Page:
Humanized CD19: CAR-T Immunotherapy for First Relapse of ALL in Down Syndrome Patient

Published on

Children with Down syndrome carry an elevated risk of developing acute lymphoblastic leukemia (ALL). Along with increased incidence of the disease, these children experience higher frequency of toxicity with chemotherapy and generally have poorer outcomes.

Diagnosis of B-ALL at 4 and relapse at 15

Steven, 21, who has Down syndrome, was diagnosed with B-ALL when he was 4 years old. He was successfully treated in his hometown of Toronto, Canada, using standard chemotherapy. Nearly 11 years later, in December 2015, his mother, Theresa, noticed petechiae. “I experienced a sinking feeling that this could be leukemia again,” says Theresa — and it was. A relapse of B-ALL was confirmed within hours and Steven was immediately admitted to the local children’s hospital.

Theresa describes Steven's pediatric oncologist as “a fierce advocate for Steven and all patients who have Down syndrome. His quest is to have CAR [chimeric antigen receptor] T-cell therapy become the first course of treatment for leukemia patients who have Down syndrome.”

CAR T-cell therapy for children with Down syndrome and B-ALL

The CD19-directed CAR T-cell therapy known as Kymriah® (tisagenlecleucel, formerly CTL019) received U.S. Food and Drug Administration approval in August 2017 for children and young adults up to age 25 with B-ALL that is refractory or in second or greater relapse, based on the extraordinary success of studies led by Children’s Hospital of Philadelphia (CHOP) in collaboration with University of Pennsylvania and Novartis. The therapy reprograms the patient’s own T cells to locate and kill B cells that have the protein CD19 on their surface.

At the time of Steven’s relapse, he was not eligible for a multi-institutional trial of CTL019, which was soon to open at his home institution because this was his first relapse. Worried about poor outcomes of relapse therapy in patients with Down syndrome, Steven’s oncologist contacted the Cancer Immunotherapy Program at CHOP and was told Steven might be eligible to enroll in a clinical trial led by Shannon Maude, MD, PhD, that is evaluating an alternative, humanized CD19 CAR-T product, referred to as huCART19 or CTL119. Steven’s T cells were collected in his Canadian hospital, and he was started on a modified chemotherapy regimen to control the leukemia while reducing intensity in an attempt to minimize toxicity.

Weeks later, in January 2016, Steven and his family came to CHOP for the consent meeting required of each potential cell therapy recipient. After an evaluation, Steven was enrolled in the trial.

Steven returned to Canada and received chemotherapy for several weeks while his T cells went through the manufacturing process to reprogram them to locate and eliminate the cancerous B cells. 

He returned to CHOP in March 2016 and received the CAR T-cell therapy. Considering that the family had been hopefully anticipating this game-changing therapy for three months, Theresa found it remarkable that the infusion was so fast and simple. “It was uneventful,” she reports. “We were surprised by how quickly the procedure took place — only a few minutes.”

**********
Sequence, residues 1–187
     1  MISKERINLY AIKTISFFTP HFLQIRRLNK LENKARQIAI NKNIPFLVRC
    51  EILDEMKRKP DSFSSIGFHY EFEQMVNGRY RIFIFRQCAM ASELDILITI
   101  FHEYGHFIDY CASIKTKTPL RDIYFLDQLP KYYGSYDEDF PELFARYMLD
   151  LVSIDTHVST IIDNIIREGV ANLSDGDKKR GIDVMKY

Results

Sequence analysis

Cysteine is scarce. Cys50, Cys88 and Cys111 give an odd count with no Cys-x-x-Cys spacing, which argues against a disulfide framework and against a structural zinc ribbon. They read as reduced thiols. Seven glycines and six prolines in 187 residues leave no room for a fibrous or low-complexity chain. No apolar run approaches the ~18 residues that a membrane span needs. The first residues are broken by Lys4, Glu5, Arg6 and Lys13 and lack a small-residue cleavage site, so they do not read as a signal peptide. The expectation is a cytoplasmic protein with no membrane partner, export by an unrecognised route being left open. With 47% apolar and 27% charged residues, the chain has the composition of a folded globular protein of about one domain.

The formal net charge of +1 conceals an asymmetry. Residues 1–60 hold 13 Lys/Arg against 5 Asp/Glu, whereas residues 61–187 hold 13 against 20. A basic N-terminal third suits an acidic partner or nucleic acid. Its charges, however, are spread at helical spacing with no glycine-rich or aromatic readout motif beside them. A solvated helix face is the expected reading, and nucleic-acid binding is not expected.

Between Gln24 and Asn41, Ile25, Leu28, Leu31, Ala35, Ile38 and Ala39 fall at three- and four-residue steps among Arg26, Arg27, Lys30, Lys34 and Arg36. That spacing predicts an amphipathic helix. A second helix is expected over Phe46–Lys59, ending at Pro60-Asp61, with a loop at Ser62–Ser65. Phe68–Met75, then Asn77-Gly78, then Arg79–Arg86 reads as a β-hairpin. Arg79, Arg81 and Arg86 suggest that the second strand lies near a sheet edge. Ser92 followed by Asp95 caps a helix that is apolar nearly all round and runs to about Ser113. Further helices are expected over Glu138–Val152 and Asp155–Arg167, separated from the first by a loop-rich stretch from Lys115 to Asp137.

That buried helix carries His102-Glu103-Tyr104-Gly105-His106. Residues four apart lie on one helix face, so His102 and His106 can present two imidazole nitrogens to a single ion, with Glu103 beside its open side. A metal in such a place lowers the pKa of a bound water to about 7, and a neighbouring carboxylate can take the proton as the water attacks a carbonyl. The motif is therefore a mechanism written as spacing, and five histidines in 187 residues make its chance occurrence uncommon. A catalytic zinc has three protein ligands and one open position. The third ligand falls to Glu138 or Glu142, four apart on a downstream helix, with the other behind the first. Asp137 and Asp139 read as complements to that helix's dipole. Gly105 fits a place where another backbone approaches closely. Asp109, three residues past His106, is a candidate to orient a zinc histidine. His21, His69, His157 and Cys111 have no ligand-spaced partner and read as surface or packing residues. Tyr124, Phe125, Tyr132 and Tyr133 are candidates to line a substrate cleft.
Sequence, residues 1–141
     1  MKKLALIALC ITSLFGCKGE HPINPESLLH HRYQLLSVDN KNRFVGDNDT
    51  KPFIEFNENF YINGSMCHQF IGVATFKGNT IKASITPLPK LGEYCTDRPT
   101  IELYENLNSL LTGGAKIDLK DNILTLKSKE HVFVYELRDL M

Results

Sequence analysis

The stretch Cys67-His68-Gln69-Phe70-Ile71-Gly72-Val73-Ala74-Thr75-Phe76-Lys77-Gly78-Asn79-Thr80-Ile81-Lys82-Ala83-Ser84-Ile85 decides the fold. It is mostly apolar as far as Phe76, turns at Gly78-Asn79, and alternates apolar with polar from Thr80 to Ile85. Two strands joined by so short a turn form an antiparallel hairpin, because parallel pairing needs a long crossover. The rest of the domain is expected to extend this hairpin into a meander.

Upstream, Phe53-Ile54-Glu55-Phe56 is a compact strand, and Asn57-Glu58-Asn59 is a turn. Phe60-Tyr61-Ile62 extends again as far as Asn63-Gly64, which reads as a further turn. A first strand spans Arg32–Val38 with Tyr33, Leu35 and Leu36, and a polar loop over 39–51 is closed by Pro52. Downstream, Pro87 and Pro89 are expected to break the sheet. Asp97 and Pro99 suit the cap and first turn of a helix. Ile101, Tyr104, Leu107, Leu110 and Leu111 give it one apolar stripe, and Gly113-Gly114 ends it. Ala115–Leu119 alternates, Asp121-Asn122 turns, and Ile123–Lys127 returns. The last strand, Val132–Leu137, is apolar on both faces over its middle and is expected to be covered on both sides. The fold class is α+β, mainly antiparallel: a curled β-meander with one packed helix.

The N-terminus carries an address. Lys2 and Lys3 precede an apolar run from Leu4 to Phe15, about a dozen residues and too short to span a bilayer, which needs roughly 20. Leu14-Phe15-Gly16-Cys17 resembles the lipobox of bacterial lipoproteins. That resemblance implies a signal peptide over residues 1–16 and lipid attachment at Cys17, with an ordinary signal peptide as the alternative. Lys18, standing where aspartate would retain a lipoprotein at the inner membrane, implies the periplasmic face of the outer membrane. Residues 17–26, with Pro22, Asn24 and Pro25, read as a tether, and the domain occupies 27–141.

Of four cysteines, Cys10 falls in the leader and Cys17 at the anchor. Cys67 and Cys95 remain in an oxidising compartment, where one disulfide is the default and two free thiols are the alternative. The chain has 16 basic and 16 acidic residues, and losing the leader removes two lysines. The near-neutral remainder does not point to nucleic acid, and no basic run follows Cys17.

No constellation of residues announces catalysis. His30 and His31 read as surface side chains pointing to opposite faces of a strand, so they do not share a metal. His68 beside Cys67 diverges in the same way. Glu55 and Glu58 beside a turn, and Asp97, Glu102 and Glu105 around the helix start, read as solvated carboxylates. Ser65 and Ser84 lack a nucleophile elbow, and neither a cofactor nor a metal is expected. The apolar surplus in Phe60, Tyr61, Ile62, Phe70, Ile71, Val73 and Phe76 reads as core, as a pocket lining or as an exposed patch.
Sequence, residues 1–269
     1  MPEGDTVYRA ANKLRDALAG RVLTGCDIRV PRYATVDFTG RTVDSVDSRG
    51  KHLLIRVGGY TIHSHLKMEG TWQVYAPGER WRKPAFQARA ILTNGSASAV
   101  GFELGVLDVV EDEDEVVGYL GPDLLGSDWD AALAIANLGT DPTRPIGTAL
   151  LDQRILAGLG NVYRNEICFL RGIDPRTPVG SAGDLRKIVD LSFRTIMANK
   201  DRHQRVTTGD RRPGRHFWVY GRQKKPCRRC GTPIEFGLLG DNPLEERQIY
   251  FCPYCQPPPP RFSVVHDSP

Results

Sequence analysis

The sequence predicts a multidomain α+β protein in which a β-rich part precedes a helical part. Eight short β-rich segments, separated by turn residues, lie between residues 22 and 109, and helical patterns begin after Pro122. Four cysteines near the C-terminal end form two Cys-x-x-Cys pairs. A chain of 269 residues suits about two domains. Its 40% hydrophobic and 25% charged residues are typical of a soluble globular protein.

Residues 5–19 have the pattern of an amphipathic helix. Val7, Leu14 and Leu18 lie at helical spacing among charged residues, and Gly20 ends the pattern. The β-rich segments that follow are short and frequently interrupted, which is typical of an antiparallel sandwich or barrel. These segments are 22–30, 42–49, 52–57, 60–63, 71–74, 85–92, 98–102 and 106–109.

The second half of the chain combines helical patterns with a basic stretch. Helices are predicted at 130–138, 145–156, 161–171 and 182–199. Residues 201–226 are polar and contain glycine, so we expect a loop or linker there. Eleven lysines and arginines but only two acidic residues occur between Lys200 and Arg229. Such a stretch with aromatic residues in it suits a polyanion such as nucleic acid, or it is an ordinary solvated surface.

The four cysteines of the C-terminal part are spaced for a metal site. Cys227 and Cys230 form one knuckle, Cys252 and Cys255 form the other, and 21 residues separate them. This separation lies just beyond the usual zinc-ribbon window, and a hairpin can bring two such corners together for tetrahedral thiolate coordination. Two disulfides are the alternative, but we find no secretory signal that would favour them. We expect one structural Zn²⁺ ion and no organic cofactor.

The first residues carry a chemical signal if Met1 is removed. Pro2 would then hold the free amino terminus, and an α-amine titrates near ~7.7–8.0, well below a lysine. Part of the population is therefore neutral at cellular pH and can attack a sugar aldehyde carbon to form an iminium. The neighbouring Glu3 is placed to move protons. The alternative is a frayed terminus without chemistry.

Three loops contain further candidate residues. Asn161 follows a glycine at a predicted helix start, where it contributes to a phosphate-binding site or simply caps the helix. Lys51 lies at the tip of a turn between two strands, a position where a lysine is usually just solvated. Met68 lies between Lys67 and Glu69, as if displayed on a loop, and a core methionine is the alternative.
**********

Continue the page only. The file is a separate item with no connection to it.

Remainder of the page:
Four days later, Steven developed a fever — a common side effect — and was admitted to CHOP. High, persistent fever is a hallmark of the most common side effect after CD19 CAR T-cell therapy, cytokine release syndrome (CRS). Generally, CRS severity correlates with high disease burden. He remained inpatient for 6 days and was out for only about an hour when he was re-admitted following a seizure.

Neurotoxicity occurs in approximately 40% of patients, who might experience delirium, confusion and aphasia that can last several days. More rarely, some patients experience seizures. Unlike CRS, the reason for this reaction is not fully understood, but recent research conducted at CHOP and other institutions suggests the involvement of several cytokines. Steven received anti-seizure medications with no further seizures, and he was discharged after 2 days.

Now, more than a year-and-a-half after the therapy, Steven is thriving. “He is living a very active and fulfilling life, and is feeling and looking completely healthy,” reports Theresa.

The Cancer Immunotherapy Program at CHOP is developing a clinical trial of CAR T-cell therapy for children with Down syndrome and B-ALL in first relapse.

Next Steps
Existing Patients or Family Members
New Patients, Referrals and 2nd Opinions
Young boy cancer patient outside

Referring a Patient

Here’s what you can expect after contacting the Cancer Immunotherapy Program.

Torie CART

Cancer Immunotherapy Studies

The Cancer Immunotherapy Program has several clinical trials available to qualified patients.

You Might Also Like
Young cancer patient laughing

CAR T-cell Therapy Process

Here’s what you can expect throughout the CAR T-cell therapy experience.

Stephan A. Grupp, MD

Immunotherapy: What’s Next for CAR-T Therapy

Trials of more game-changing cell therapies are underway or on the horizon.

Car T-cell killing Acute Lymphoblastic Leukemia Cell

Video: CAR T Cell Killing Cancer Cell

Watch a genetically modified CAR T cell bind to a target called CD19 on a cancerous B cell.